PhD researcherPanagiotis.Theocharis [AT] elis.UGent.be
System Software Lab
Computing Systems Lab (CSL)
Electronics and Information Systems (ELIS) department
Sint Pietersnieuwstraat 41
Split Compilation for Accelerator-based Multicores
Future embedded devices are foreseen to consist of multicore and manycore processors of which a number of cores will be programmable accelerators that offer many different instruction sets. Writing code for specific accelerator instruction sets is unproductive, however. Therefore we propose to virtualize the ISA of such accelerators to a bytecode.
To enable the flexible deployment of “bytecoded” applications, the bytecode should be architecture-independent or neutral, and a retargetable deployment-time compiler should be able to map that neutral bytecode onto the different accelerators effectively and efficiently, i.e., it should do a good compiler job fast.
Today, however, no compiler tool chains with deployment-time code generation exist that provide portable performance for a range of accelerators that is wide enough to support accelerating a large range of application kernels. As a result, a fundamental problem for the transition to accelerator-based manycore designs is the development cost and inflexibility of software with the current state of the art in compiler techniques.
The strategic goal of my research project is to design and develop a compiler tool flow that:
- supports accelerator-based manycore processor
- enables the integration and reuse of independently developed software components
- supports the flexible management of accelerator resources
The long term goal is to create larger, economically viable markets for accelerator designs, and to increase the productivity of software developers and the flexibility of the applications.
My research focuses on the development of the necessary compiler technology to reach these goals. The proposed technology builds on the concept of split compilation, where a static, design-time compiler can spend a long time analysing a program to extract all useful knowledge from it, and to annotate the neutral bytecode it generates with that knowledge. A deployment-time compiler will then use the annotations to produce binary code for specific architectures efficiently and effectively. Furthermore, a design-time tool will generate compiler strategies tuned for specific architectures.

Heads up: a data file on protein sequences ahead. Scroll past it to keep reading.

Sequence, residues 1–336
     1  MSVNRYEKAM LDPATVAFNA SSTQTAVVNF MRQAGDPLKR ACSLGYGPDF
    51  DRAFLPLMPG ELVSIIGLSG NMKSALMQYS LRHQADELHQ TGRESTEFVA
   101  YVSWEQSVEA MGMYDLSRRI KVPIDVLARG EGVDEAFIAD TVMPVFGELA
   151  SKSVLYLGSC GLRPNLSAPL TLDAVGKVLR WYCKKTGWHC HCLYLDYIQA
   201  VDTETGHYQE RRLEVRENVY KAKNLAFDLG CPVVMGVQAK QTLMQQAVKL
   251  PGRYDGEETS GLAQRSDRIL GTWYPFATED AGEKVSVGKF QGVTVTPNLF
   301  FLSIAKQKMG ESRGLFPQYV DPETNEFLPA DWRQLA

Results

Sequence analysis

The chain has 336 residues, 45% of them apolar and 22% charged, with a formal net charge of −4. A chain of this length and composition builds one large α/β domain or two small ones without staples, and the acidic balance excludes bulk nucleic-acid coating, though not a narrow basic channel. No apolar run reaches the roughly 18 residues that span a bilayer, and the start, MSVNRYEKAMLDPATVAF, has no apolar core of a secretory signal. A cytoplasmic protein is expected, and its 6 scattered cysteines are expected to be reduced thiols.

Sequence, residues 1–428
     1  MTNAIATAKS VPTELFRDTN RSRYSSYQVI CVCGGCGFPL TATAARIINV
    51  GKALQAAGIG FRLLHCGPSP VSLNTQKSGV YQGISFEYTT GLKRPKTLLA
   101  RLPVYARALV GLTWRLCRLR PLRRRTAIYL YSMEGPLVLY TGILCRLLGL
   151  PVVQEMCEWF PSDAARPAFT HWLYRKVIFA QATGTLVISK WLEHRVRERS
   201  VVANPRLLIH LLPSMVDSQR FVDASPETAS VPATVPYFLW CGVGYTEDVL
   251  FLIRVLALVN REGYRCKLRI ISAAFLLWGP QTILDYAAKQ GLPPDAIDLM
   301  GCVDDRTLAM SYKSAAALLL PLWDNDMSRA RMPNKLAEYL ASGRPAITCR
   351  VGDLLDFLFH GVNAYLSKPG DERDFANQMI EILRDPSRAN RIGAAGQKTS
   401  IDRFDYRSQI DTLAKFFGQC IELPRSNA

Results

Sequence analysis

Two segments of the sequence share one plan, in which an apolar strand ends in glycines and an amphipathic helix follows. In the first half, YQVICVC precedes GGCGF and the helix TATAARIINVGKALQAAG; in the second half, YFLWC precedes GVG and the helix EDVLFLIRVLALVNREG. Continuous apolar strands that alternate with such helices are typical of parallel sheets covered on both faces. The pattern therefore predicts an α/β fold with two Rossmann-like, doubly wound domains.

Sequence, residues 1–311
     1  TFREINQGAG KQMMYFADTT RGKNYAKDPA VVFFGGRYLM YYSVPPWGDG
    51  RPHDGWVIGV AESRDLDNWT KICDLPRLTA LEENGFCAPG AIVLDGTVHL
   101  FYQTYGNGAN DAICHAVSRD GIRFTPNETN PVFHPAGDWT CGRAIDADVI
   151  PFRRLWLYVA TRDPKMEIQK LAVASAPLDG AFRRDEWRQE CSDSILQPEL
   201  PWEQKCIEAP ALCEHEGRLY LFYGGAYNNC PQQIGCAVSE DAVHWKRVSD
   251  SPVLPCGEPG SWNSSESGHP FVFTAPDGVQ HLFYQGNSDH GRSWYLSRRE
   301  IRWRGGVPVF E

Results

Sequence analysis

In short, the deployment-time, retargetable compiler will be fed with compiler strategies already tuned in advance for the underlying hardware and with compiler strategies derived from the source code. Using these strategies, I hope to demonstrate that the deployment-time compiler can retarget itself to different architectures without needing to explore a large compiler optimization space that is currently explored in long running, static retargetable compilers.
For more information, click on the link below:
Contact person for Projects:
|Machinaal exploreren van state-of-the-art processorontwerpsruimten||Master thesis||2013|
|Smart-camera toepassingen op state-of-the-art CGRA processors||Master thesis||2013|
|Een LLVM compiler voor state-of-the-art CGRA processors||Master thesis||2013|
|Machinaal lerende compilers voor CGRA architecturen||Master thesis||2013|